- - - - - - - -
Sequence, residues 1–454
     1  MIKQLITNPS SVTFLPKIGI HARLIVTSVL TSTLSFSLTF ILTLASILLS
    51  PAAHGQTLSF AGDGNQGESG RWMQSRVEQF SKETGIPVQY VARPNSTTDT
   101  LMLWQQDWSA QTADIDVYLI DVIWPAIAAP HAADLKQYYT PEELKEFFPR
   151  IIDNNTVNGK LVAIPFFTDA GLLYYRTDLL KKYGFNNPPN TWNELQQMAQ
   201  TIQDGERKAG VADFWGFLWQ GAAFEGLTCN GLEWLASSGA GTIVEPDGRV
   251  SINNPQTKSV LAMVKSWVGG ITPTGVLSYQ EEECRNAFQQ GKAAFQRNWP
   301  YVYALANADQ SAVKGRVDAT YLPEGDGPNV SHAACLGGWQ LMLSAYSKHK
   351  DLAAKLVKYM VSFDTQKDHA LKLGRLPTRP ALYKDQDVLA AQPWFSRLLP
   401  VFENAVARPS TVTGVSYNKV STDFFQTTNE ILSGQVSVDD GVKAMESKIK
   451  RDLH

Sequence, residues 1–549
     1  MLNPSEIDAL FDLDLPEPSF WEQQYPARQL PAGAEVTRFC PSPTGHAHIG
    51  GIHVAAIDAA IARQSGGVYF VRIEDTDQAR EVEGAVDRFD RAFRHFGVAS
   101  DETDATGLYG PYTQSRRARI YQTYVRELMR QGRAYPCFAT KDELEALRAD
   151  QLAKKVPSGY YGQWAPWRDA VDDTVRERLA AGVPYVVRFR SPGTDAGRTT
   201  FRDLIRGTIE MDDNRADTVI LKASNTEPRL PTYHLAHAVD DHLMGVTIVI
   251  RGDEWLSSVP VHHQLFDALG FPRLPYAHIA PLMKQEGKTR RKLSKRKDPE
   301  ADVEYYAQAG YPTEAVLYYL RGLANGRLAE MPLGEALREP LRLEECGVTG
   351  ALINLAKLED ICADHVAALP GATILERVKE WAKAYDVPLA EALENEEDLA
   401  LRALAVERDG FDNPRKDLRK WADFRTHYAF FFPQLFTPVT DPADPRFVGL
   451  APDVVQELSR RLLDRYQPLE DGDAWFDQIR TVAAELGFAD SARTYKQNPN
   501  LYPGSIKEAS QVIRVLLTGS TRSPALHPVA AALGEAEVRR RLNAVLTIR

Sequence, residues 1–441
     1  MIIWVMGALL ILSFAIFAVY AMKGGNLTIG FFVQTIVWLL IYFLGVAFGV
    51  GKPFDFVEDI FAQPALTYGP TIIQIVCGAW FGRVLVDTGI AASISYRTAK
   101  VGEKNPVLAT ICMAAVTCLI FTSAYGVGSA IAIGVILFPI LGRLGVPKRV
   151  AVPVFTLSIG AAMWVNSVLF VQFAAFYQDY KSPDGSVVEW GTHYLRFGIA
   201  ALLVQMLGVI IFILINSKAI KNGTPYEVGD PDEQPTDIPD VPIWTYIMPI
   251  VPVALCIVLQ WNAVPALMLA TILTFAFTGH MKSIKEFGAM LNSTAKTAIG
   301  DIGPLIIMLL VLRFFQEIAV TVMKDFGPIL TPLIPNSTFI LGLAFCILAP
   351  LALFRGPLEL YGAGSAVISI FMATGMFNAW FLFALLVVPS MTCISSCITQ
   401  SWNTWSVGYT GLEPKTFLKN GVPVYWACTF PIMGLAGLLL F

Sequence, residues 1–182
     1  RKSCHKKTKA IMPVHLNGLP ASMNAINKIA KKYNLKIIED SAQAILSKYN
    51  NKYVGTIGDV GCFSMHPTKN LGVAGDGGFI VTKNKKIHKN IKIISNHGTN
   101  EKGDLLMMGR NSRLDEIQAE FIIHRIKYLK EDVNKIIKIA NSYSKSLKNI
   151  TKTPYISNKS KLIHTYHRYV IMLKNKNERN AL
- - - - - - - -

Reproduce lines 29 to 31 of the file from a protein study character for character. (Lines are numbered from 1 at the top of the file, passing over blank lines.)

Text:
   201  ALLVQMLGVI IFILINSKAI KNGTPYEVGD PDEQPTDIPD VPIWTYIMPI
   251  VPVALCIVLQ WNAVPALMLA TILTFAFTGH MKSIKEFGAM LNSTAKTAIG
   301  DIGPLIIMLL VLRFFQEIAV TVMKDFGPIL TPLIPNSTFI LGLAFCILAP